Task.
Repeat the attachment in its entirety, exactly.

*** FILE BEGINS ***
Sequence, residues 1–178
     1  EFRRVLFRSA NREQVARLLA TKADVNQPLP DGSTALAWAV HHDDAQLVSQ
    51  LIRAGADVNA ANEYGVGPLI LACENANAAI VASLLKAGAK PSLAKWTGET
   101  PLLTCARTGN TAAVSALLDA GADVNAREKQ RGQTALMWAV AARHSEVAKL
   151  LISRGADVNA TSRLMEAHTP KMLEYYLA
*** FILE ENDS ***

Sequence, residues 1–178
     1  EFRRVLFRSA NREQVARLLA TKADVNQPLP DGSTALAWAV HHDDAQLVSQ
    51  LIRAGADVNA ANEYGVGPLI LACENANAAI VASLLKAGAK PSLAKWTGET
   101  PLLTCARTGN TAAVSALLDA GADVNAREKQ RGQTALMWAV AARHSEVAKL
   151  LISRGADVNA TSRLMEAHTP KMLEYYLA